Protect Your Digital Life


Protect Your Digital Life: a reader asks…

I’ve been reading your articles about scams, hacks and what to do afterwards. Can you give me some tips on what to do before, so I don’t get scammed or hacked?

Yes! Let’s be proactive about this, it’s much easier to protect yourself from internet crime than it is to recover from being a victim. Here are some strategies you can do to harden your digital identity and keep from being scammed or hacked:

First, you need to secure your credentials. Your login usernames and passwords are the physical keys to your house, car, and safety deposit box. The first thing is to make sure that each of those keys is unique, and that means using a long and unique password for each online place you use. Like a physical keyring, a good password manager will keep them safe for your use without you having to memorize many unique passwords. Get yourself a good password manager (1Password, BitWarden, LastPass, etc.), learn how to use it, and start changing online passwords.


A good password is long – 13 characters or more. Even better are 21+ character passwords. Each online entity will have their own requirements for password complexity, but the key is longer is better. I like to use the four random words method, but your password manager has a password generator you can use. Let it remember those passwords for you, the only password you need to memorize is the one to your password manager.

Secure every single online account with a long and unique passwords. Start with your email account(s), online banking and other financial institutions, then move on to online shopping destinations, and then everything else.

As more and more internet entities implement passwordless technology, you should upgrade your access credentials to use this versus the standard username/password credentials. Short of that, 2-factor authentication should be used on all accounts that offer it.

Second, train yourself to not respond to scam and hack attempts, whether through email, text, phone, physical letter, or any other way. Do not engage with scammers as they use psychology to bypass all your defenses. It doesn’t matter how smart, savvy or educated you are, we are all vulnerable to psychological tricks. So avoid engaging. Treat all unsolicited communications with a high degree of suspicion.

Email is such a popular scam attempt method because it costs the scammer almost nothing, and they send scam emails out by the millions. No reasonable legitimate entity is going to email you a warning that includes a phone number to call to dispute a transaction.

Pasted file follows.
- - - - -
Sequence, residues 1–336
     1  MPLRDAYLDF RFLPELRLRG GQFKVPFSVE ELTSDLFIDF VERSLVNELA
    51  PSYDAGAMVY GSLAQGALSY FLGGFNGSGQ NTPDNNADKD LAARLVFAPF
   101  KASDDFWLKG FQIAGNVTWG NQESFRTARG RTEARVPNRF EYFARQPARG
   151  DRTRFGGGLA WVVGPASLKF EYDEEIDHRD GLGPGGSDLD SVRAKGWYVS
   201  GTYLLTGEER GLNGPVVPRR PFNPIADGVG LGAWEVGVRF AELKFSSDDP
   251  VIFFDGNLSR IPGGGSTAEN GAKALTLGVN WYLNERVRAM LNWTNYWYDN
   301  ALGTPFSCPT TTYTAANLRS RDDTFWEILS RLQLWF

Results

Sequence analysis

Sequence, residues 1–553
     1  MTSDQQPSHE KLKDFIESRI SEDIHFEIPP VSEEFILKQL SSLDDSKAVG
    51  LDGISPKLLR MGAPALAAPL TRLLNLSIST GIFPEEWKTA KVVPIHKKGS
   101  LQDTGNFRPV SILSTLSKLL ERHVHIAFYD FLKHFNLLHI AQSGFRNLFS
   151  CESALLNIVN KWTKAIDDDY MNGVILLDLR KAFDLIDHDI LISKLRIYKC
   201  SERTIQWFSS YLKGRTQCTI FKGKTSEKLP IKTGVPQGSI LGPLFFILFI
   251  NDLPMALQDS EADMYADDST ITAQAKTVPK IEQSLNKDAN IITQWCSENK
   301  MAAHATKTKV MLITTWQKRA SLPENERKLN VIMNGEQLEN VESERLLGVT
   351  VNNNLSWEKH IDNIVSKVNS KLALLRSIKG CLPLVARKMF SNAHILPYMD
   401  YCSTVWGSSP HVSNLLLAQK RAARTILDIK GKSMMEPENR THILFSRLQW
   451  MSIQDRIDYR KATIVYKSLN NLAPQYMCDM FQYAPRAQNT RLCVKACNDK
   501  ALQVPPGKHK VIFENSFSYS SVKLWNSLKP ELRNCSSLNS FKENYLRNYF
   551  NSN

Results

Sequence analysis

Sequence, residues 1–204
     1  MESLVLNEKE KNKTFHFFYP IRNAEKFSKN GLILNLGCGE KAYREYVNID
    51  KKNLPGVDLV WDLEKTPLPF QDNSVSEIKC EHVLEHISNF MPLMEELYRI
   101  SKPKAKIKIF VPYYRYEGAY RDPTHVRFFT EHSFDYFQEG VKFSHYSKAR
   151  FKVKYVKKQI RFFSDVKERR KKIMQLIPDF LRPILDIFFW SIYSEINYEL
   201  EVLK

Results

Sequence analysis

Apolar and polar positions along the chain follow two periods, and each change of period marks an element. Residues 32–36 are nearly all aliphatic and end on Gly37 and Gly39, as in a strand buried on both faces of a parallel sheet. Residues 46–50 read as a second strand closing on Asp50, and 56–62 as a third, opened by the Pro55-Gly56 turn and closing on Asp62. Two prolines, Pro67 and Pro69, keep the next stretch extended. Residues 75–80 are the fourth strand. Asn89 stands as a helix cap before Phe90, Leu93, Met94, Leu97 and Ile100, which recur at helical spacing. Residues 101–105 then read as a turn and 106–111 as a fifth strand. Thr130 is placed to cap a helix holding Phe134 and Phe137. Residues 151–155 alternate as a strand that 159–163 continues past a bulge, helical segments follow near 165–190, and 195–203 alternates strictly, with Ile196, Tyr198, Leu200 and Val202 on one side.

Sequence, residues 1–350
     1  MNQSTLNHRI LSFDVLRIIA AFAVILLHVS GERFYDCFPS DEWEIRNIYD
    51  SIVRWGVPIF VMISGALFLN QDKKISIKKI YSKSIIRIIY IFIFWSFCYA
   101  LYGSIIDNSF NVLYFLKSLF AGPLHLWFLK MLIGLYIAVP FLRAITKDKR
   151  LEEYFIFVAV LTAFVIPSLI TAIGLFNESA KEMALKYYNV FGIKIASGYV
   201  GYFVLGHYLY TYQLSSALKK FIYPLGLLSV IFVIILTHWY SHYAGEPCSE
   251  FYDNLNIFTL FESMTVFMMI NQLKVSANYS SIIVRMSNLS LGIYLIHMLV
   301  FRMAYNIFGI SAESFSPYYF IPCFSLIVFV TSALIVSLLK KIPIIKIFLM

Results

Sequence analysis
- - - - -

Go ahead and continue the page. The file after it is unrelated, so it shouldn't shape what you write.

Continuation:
Third, keep an eye on your financial and credit by checking your credit report regularly. I think it’s worth it to use a service to monitor your financial situation. Each of the big three credit reporting agencies has credit monitoring subscription services. Equifax, Experian and TransUnion all offer relatively low-cost services to keep your online identity safe and a measure of fraud protection (some with insurance). They all also offer credit freezes, and other free services to help protect you from fraud. There are also 3rd party services like Norton LifeLock you can use.

Fourth, practice safe computing. This includes not visiting websites indiscriminately, and shopping only at well-known internet businesses. We’re all looking for the best deal when shopping, and scammers capitalize on this. Beware of the website offering huge savings and fantastic deals. Safe computing also entails a lot more practices you need to use and hone:


For Windows computers, I suggest a secondary protection service like Malwarebytes Premium to run alongside the built-in Windows Defender. Add a browser protection extension like the Malwarebytes Browser Guard. For Macs, the built-in protection is generally adequate, but you can use the Malwarebytes Browser Guard to help keep you away from bad websites.

For both Windows and Mac computers, keep the operating system and installed software up-to-date. Don’t put off updates, and restart your computer at least once a week. My standard routine for computer maintenance is in my articles Computer Maintenance (for Windows) and for Macs, see my Mac Maintenance article. For either, if you do nothing else, please keep your system up-to-date.


Lastly, seek help if you’re not sure about something, before you take any action. For my readers, feel free to use my Contact form to ask me a question and/or send me a screenshot. You can do a google search on the subject of an email you received. Add in the word “scam” to your search query which might focus the search results on the email you received as to whether it’s more likely a scam. If you know me, or someone who’s really tech savvy, text them a screenshot of the item in question. My friends all know that they can take a snapshot of their computer screen (or of their smartphone screen) and quickly text that to me, and I’ll answer back quickly. I’ve found that in general, if you’re unsure about whether something is legit or not, it almost invariably isn’t.

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